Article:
In this edition of “SONAR Indices & Insights,” the SONAR team explains another index found within SONAR, the freight forecasting platform from FreightWaves. This week, learn how freight market participants are predicting the impacts that containerized freight volumes may have on inland freight moves out of major U.S. port cities. With these SONAR indices, users can see higher or lower activity of containers coming into ports (imports) and out of ports (exports). In this article, you learn what the Loaded TEUs indices are, what the Loaded TEUs indices monitor, and what the Loaded TEUs indices indicate to various freight market participants about the potential impact on freight costs and available trucking capacity for inland freight networks.
There are four available Loaded TEUs indices that monitor both import and export containerized freight volumes in addition to both total and differential indices. The Loaded TEUs indices are as follows:
The SONAR chart above shows all of the containerized freight TEU volumes using all four of the Loaded TEUs indices monitoring volumes at the Port of Charleston, South Carolina.
Freight market participants who have freight moves in and around major U.S. port markets would have a keen interest in the Loaded TEUs indices, especially the IMPTEUs. A surge in imports to that market may mean inland freight networks may have higher spot freight rates with trucking carriers or on intermodal moves, as well as an impact on available capacity, indicating that shippers, brokers, and carriers may have to adjust their plans in kind.
The following freight market participants are using FreightWaves SONAR’s Loaded TEUs indices that monitor containerized freight volumes:
Freight market participants will also have various indications depending on which of the containerized freight volumes indices they apply:
Loaded import TEU containerized freight volumes at major US ports are very good indicators of freight volumes moving into port cities. Since a lot of freight originates overseas and then disseminates into transportation networks across the US, these loaded TEU volumes can help predict trends in freight volumes across the United States. For instance, if loaded TEU volumes are increasing month-over-month, then it is highly likely that truckload, LTL, and intermodal freight volumes will increase as well.
Loaded export TEU volumes at major U.S. ports are very good indicators of freight volumes moving out of port cities. Loaded Export TEU volumes can a leading indicator of how U.S. exports are trending or performing in the global economy. For instance, if loaded TEU containerized freight volumes are increasing month-over-month, then it is highly likely that U.S. exporters are finding increased demand for U.S.-made goods abroad. Generally, when the U.S. dollar has a lower value relative to other world currencies, then exports will likely increase and this is a great indicator to keep track of that shift. Conversely, if the dollar is strong and has a higher value, exports will normally drop as these U.S. goods become more expensive.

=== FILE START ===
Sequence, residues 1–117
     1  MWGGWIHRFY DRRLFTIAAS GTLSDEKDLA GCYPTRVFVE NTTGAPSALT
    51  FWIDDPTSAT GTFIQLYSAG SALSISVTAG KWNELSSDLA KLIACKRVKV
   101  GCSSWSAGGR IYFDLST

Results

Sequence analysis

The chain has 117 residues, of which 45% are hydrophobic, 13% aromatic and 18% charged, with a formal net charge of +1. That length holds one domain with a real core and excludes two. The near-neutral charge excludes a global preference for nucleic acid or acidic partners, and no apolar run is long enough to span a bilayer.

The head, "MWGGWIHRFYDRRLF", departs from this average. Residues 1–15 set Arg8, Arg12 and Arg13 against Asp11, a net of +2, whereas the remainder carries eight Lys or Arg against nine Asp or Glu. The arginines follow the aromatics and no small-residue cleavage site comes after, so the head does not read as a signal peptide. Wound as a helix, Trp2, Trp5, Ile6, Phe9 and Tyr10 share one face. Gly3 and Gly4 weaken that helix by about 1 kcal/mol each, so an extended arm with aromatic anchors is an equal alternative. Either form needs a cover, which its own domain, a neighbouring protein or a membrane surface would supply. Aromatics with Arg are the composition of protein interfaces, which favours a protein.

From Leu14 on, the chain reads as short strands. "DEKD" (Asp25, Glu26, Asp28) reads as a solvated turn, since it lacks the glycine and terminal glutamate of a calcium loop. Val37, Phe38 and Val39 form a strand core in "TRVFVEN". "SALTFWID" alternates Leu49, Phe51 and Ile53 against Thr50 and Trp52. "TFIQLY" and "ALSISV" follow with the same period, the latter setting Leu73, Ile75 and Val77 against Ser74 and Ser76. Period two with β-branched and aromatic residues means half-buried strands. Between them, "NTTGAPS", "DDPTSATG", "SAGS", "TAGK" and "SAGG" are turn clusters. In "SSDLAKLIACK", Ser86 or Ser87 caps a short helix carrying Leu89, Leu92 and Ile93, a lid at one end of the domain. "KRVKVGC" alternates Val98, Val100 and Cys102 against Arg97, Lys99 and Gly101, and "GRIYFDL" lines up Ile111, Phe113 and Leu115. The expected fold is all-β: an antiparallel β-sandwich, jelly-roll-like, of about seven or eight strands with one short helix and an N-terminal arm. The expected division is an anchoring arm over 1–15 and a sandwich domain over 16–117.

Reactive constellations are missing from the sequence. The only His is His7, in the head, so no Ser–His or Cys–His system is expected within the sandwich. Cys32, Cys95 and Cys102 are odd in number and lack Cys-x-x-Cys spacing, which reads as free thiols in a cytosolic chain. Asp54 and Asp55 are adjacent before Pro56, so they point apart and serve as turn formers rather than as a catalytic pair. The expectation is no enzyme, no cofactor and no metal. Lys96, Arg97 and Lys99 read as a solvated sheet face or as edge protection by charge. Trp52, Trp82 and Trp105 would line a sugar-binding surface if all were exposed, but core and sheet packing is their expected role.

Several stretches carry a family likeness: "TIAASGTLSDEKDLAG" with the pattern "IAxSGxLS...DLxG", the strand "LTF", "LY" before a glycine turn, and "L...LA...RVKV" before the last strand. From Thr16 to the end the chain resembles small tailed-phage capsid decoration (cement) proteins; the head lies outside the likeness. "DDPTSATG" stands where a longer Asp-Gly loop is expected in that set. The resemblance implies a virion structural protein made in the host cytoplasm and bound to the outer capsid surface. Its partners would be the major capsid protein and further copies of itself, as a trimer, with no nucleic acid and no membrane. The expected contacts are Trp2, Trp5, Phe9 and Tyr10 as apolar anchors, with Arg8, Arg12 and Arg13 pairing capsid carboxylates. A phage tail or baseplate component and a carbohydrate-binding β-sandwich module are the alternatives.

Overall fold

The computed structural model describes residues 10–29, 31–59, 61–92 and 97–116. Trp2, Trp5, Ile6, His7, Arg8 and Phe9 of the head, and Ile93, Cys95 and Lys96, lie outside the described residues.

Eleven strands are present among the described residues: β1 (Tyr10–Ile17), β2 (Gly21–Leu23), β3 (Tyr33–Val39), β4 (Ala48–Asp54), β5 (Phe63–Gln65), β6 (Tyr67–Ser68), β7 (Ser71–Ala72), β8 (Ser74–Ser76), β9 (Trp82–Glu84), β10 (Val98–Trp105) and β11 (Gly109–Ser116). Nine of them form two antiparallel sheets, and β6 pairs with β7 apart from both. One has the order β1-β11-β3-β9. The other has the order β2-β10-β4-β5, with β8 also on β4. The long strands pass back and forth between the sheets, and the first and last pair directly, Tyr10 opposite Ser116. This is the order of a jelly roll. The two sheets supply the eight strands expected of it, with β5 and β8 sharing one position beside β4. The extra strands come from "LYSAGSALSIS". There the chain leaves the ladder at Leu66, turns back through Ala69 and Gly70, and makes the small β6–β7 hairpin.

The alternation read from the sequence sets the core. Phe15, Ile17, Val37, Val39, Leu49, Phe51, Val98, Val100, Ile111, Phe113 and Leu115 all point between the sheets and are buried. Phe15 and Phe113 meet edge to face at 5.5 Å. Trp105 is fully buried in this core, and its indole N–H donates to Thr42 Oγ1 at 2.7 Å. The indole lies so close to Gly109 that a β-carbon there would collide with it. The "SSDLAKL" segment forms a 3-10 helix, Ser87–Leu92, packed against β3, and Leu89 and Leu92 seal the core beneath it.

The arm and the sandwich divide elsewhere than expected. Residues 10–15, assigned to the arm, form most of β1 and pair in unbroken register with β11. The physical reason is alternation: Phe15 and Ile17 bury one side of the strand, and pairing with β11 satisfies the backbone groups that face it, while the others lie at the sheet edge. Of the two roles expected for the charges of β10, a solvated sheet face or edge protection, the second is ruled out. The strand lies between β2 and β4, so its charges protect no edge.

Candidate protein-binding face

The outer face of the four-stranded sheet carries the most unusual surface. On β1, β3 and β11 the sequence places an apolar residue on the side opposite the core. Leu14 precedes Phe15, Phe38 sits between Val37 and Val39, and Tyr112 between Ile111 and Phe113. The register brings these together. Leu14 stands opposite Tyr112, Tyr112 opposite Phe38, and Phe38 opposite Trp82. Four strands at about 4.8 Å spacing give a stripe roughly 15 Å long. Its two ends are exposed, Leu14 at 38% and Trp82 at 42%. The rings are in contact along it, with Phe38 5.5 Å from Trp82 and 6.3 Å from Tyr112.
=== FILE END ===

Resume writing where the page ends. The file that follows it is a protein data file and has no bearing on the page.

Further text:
Loaded TEU volumes at major U.S. ports are very good indicators of freight volumes moving into, and out of, port cities. Looking at total TEU volumes for both imports and exports can assist in identifying ports that are responsible for a large portion of U.S. freight movements in and out of the country. Since around 90% of global trade occurs via maritime shipping, loaded TEU volumes can also assist in understanding the overall health of U.S. trade in the global economy. If total loaded TEU volumes are increasing m/m, then one can assume that U.S. trade with other countries is also increasing. Conversely, If loaded TEU containerized freight volumes are declining m/m, then one can assume that U.S. trade with other countries is also in decline.
moving into, and out of, port cities. Looking at the spread (difference) between loaded import and export TEU volumes can assist in identifying the trade imbalance at a given U.S. port. If a port handles more loaded import TEU volumes than loaded export TEU volumes, then one can assume that the port serves as a major destination for U.S. imports, rather than a major origin port for U.S. exporters. The loaded TEU spread can also assist in understanding the overall health of U.S. trade in imports and exports in the global economy. If loaded TEU import volumes are increasing, and the loaded TEU spread is also increasing, then that means that loaded exports at that port are either decreasing or staying the same. Conversely, if loaded TEU import volumes are decreasing, and the loaded TEU spread is also decreasing, then one can assume that loaded export volumes are either increasing or staying the same.
In turbulent times, freight market participants need certainty to stay ahead of the freight market and understand the freight demand occurring in each participant’s most important lanes, markets and shipping modes. The premier freight forecasting engine, FreightWaves SONAR, allows participants to benchmark, analyze, monitor and forecast freight demand and costs in addition to the impact on the inland freight network or get a pulse of overall economic health seen in containerized freight volumes within the Loaded TEUs indices.
SONAR ensures more proactive responses to the market, provides correlations between several indices to guide decisions and helps to manage freight budgets or margins more proactively. Click the button below to get a demo of SONAR to see what the platform can do for you.